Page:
‘CDC is putting American lives at risk’: Members of Congress call for CDC to reinstate cruise ‘no-sail’ order

Members of Congress are calling for the U.S. Centers for Disease Control and Prevention to reinstate its “no-sail” order, which expired at the end of October and was replaced by a “Conditional Sailing Order” that allows a phased-in return to cruising.

“The CDC is putting American lives at risk, not to mention the potential for enhancing the spread worldwide,” Sen. Richard Blumenthal, a Democrat from Connecticut, told USA TODAY Friday.

Blumenthal and Rep. Doris Matsui, a Democrat from California, who are co-sponsors of the proposed Cruise Passenger Protection Act, made the request for reinstatement in a letter to CDC Director Robert Redfield.

The letter came after a cluster of COVID-19 cases emerged on SeaDream Yacht Club’s SeaDream I, which is currently docked in Barbados after having to cut its first Caribbean voyage short due to the outbreak. “These multiple cases are only the first sign of a looming public health disaster,” Blumenthal said.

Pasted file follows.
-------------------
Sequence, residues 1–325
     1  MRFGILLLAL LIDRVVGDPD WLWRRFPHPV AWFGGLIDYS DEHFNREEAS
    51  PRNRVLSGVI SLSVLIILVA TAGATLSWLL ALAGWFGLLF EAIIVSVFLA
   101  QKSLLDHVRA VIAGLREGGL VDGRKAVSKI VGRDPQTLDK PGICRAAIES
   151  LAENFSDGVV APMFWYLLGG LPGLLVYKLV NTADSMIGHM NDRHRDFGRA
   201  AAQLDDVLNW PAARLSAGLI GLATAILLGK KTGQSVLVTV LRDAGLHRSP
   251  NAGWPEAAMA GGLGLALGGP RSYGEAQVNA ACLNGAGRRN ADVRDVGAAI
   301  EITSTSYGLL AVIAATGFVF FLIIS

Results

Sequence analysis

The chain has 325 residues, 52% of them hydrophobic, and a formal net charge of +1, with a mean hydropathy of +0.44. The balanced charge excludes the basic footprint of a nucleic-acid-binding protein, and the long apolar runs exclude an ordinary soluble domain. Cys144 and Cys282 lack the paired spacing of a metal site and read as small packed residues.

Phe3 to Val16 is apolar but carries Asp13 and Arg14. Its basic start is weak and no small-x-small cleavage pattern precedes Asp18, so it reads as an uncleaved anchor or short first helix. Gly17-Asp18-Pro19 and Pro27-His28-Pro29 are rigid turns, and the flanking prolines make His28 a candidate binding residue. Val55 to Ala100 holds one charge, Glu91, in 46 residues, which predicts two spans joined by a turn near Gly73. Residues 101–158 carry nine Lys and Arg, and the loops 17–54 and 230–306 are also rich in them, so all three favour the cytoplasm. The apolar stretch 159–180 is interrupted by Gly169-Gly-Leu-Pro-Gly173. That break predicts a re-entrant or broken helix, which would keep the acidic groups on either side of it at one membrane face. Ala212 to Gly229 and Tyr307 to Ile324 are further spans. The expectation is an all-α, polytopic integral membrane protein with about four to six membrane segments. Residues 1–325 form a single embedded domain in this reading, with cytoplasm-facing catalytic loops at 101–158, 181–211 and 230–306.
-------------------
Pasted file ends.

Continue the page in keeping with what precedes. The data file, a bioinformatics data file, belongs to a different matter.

“In light of these disturbing reports, we feel strongly that you should reverse course on the recent decision by the (CDC) to take a phased approach to restarting cruise line operations in the United States,” Blumenthal and Matsui wrote. “Instead, we implore you to extend the prior no-sail order until a time when the health and safety of passengers and crew can be assured.”

They pointed out in the letter that in spite of the cruise line’s efforts to sail safely, including aggressive testing, social distancing, mask wearing requirements and more, the precautions weren’t enough to stop the coronavirus from infecting at least seven passengers on board the SeaDream.

“According to the CDC’s own no-sail order, ‘[c]ruise ships continue to be an unsafe environment with close quarters where the disease spreads easily and is not readily detected,'” the letter continues. “In fact, cruise ships were breeding grounds for the virus at the epicenter of the initial COVID-19 outbreak. With the images of passengers and crew stranded aboard the Grand Princess still fresh in our minds, it is imperative that we learn from the past and take immediate action to prevent history from repeating itself.”

The Grand Princess was one of two Princess Cruises ships that experienced an early outbreak of COVID-19, forcing passengers to quarantine during the pandemic’s onset in the beginning of March.

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